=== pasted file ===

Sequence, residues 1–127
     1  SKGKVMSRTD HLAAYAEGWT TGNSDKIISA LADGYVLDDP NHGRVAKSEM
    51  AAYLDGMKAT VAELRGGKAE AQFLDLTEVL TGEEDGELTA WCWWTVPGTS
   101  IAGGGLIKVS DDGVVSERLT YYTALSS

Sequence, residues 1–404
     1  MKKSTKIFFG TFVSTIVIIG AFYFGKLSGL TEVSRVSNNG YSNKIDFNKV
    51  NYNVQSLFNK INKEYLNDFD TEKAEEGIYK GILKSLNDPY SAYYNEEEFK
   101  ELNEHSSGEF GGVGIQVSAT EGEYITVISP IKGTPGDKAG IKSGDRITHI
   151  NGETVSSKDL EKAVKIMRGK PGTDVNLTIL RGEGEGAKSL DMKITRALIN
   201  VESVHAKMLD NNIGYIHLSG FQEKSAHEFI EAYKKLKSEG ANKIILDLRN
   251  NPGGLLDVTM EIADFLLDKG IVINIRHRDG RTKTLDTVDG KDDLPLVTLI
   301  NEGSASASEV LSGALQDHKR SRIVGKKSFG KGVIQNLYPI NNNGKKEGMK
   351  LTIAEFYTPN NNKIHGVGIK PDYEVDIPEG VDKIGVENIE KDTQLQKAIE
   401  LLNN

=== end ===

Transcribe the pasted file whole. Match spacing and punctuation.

Sequence, residues 1–127
     1  SKGKVMSRTD HLAAYAEGWT TGNSDKIISA LADGYVLDDP NHGRVAKSEM
    51  AAYLDGMKAT VAELRGGKAE AQFLDLTEVL TGEEDGELTA WCWWTVPGTS
   101  IAGGGLIKVS DDGVVSERLT YYTALSS

Sequence, residues 1–404
     1  MKKSTKIFFG TFVSTIVIIG AFYFGKLSGL TEVSRVSNNG YSNKIDFNKV
    51  NYNVQSLFNK INKEYLNDFD TEKAEEGIYK GILKSLNDPY SAYYNEEEFK
   101  ELNEHSSGEF GGVGIQVSAT EGEYITVISP IKGTPGDKAG IKSGDRITHI
   151  NGETVSSKDL EKAVKIMRGK PGTDVNLTIL RGEGEGAKSL DMKITRALIN
   201  VESVHAKMLD NNIGYIHLSG FQEKSAHEFI EAYKKLKSEG ANKIILDLRN
   251  NPGGLLDVTM EIADFLLDKG IVINIRHRDG RTKTLDTVDG KDDLPLVTLI
   301  NEGSASASEV LSGALQDHKR SRIVGKKSFG KGVIQNLYPI NNNGKKEGMK
   351  LTIAEFYTPN NNKIHGVGIK PDYEVDIPEG VDKIGVENIE KDTQLQKAIE
   401  LLNN